It’s been a long campaign season, at times resembling a spaghetti Western starring Clint Eastwood. We saw moments that were both good and bad for the presidential candidates, and some rather ugly moments for the country. But as we look back, there were 20 clear turning points in the 2012 election.
20. Mitt and the not-Mitts.
It was always a contest between Gov. Mitt Romney and the not-Mitts. The not-Mitts in the race for the Republican nomination, in case you’ve forgotten or have tried to forget, were: Tim Pawlenty, Michele Bachmann, Ron Paul, Gary Johnson, Rick Santorum, Herman Cain, Newt Gingrich, Jon Huntsman, Rick Perry, Fred Karger, and Thad McCotter. I think that’s all of the officially recognized national candidates. Then of course there was Buddy Roemer, and Jimmy “The Rent’s Too Damn High” McMillan.
19. What if “she” ran?
What if Sarah Palin ran? Or even Hillary Clinton? Either would have changed the race. Each in a different way. But both, perhaps, would have fractured their parties. And you can’t forget all the others who were once considered in the running: Mitch Daniels, Haley Barbour, Mike Huckabee, Chris Christie, Marco Rubio, Rudy Giuliani, John Thune, George Pataki, Michael Bloomberg, Mike Pence, Gen. David Petraeus, Donald Trump even, and Jeb Bush. For many, the time was just not right.
That was the singular utterance few will forget, delivered during a nationally televised presidential-primary debate, after 53 seconds of painful searching for the right answer with millions watching. That moment of eternity inarguably led to the collapse of a campaign most political observers expected to be a top contender. Rick Perry’s paralysis is exhibit A in the proposition that debates matter. It’s a lesson the president should have learned, but we’ll get into that in a bit.
17. Budget battles drew blood.
In the summer of 2011, Democrats and Republicans fought furiously to gain advantage during the debt-ceiling debate. The government was on the brink of a shutdown. A deal was reached, but the problems were not solved. They were merely kicked down the road. The nation’s credit rating was downgraded. And Americans’ trust in government collapsed. We are nearing a “fiscal cliff” at the start of 2013, with mandatory federal spending cuts and huge tax increases looming. Together they threaten to push the economy into a recession. Can Congress reach an agreement by Nov. 23 to avoid going over the cliff? Sure hope so, but I don’t know what has changed.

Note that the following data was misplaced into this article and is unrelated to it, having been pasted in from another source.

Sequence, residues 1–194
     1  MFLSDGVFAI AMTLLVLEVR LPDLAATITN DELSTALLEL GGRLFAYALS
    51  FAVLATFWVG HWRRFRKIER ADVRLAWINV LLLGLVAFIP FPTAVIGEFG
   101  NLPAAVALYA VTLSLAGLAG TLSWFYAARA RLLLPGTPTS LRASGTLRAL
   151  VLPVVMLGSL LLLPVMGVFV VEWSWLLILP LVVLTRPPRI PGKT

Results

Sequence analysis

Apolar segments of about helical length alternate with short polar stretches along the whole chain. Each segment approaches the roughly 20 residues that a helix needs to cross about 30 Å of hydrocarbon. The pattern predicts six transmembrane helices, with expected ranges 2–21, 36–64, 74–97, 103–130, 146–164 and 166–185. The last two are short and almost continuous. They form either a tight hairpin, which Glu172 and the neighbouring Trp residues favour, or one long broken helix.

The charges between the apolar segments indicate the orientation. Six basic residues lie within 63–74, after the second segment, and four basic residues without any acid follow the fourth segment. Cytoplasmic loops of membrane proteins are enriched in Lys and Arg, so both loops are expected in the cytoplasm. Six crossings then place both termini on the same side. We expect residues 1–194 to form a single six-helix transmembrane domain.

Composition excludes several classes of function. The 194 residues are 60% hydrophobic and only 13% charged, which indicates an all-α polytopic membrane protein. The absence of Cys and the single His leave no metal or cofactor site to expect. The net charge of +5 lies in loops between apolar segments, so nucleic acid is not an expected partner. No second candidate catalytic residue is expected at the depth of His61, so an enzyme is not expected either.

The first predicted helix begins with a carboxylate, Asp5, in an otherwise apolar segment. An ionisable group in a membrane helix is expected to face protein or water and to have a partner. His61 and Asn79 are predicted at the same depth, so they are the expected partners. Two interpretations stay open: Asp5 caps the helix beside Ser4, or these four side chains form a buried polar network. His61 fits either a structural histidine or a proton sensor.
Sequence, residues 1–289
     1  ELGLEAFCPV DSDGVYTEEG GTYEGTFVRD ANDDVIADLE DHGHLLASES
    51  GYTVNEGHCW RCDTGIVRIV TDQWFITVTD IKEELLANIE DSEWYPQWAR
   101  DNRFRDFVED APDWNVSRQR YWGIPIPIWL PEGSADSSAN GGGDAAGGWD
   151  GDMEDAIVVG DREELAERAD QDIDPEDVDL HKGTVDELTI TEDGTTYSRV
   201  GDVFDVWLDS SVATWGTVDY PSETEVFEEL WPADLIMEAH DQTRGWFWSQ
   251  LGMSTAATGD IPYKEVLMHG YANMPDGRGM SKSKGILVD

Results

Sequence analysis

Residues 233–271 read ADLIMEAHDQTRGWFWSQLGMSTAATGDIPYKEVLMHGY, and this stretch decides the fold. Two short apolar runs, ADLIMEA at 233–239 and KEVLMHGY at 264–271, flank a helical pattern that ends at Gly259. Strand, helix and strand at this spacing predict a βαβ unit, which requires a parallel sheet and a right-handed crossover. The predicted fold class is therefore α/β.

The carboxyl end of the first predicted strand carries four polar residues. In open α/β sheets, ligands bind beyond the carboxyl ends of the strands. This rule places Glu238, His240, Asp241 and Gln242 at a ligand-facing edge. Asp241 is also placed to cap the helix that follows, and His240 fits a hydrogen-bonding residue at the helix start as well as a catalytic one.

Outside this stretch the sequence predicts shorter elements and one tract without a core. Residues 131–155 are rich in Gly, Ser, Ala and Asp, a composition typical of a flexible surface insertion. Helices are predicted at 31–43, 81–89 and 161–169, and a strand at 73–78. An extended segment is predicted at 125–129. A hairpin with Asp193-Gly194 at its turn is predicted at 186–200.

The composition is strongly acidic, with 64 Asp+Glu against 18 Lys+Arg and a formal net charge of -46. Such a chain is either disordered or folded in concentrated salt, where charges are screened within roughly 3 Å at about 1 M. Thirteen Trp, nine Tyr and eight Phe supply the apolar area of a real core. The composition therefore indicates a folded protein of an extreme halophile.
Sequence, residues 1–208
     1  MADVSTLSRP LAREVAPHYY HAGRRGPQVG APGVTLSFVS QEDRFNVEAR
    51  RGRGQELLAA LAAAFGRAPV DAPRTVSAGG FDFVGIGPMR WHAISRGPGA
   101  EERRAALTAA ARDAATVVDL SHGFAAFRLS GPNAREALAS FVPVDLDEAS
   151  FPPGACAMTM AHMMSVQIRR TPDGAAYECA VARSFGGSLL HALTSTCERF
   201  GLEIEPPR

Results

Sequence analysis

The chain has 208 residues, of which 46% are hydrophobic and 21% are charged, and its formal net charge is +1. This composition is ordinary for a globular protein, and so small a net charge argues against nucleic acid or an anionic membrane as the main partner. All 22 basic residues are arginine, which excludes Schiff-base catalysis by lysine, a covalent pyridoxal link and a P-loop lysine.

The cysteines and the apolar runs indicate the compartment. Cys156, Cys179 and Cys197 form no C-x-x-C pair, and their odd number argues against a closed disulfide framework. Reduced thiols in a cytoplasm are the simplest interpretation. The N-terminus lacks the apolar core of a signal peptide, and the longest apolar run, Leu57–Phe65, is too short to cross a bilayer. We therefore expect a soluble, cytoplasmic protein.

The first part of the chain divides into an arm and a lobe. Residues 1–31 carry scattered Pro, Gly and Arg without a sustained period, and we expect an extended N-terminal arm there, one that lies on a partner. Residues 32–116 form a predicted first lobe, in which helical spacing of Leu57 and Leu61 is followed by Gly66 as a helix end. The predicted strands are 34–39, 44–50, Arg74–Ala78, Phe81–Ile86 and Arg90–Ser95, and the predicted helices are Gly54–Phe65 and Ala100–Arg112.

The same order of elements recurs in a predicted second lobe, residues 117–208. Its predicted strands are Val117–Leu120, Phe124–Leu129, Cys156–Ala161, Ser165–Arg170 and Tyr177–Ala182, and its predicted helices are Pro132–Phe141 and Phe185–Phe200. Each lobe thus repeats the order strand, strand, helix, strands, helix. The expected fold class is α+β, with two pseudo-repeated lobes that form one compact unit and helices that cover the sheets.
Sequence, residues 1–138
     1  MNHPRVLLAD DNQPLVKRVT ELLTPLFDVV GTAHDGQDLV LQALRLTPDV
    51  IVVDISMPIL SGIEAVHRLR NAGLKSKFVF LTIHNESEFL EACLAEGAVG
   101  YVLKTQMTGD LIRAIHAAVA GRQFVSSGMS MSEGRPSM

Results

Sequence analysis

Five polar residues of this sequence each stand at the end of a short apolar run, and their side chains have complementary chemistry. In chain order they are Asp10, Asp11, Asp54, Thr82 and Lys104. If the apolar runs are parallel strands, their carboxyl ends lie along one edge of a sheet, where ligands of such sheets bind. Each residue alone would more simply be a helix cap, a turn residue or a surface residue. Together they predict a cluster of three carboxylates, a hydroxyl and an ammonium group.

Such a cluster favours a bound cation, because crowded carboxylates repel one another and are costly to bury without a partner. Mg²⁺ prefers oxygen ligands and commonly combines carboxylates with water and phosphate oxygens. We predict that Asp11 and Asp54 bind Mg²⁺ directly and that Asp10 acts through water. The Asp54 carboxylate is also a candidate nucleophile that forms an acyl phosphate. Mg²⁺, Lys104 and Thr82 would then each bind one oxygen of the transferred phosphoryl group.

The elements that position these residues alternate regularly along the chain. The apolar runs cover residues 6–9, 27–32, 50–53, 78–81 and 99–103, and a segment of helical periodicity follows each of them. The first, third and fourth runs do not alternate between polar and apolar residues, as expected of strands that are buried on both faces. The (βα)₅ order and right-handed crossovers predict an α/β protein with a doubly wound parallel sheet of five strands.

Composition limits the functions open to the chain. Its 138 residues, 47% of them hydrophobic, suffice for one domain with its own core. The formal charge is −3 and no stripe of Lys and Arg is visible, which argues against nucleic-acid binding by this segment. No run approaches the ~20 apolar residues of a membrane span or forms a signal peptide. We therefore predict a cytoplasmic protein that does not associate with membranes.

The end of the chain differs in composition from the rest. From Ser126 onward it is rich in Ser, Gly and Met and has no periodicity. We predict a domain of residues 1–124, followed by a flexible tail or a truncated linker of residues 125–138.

16. Osama is dead: a legitimate achievement.
The debt-ceiling debate was not the only time blood was spilled. Obama killed Osama. Yes, President Barack Obama gets to crow about the killing of Osama bin Laden. It would have been absurd not to mention it in his campaign, just as it would have been absurd for the Bush campaign not to mention 9/11 in our 2004 reelection launch. All we did in our ads was say we faced some unexpected challenges and showed some images of 9/11. And we were crucified by the Democrats. How dare we exploit the tragedy for political purposes, brayed John Kerry. But it’s history, folks. Both events happened. We can’t and shouldn’t ignore these seminal events in our history.
15. Super PAC doublespeak.
“We’re not going to play by two sets of rules.” That was the bombshell message Obama delivered in February. And I asked: “Why the hell not?” Rather than fight to change the rules that allow this perversion of the democratic voting process, Obama lowered the standards, giving his blessing to Priorities USA Action, a super PAC backing his reelection. It was the second time he recanted on campaign-finance reforms. (He was against it before he was for it. Where have I heard that before?) While undoubtedly good for his campaign, these decisions were bad for the country.
14. Evolution: the right risk for the president on gay marriage.
I don’t really care how or why Obama got to the right place on gay marriage. I’m just glad he got there. Leaders should do the right thing on big issues and damn the political consequences. True, Obama supported gay marriage as a candidate for state senator, then flip-flopped on the issue as a candidate for president. And the reality is politics drives most decisions. The pressure on this issue from Democratic constituencies has been long and intense. And one gets the sense that the president is relieved finally to have arrived at a public position that squares with his private feelings.
13. Estados Unidos de America: leaving no demographic behind.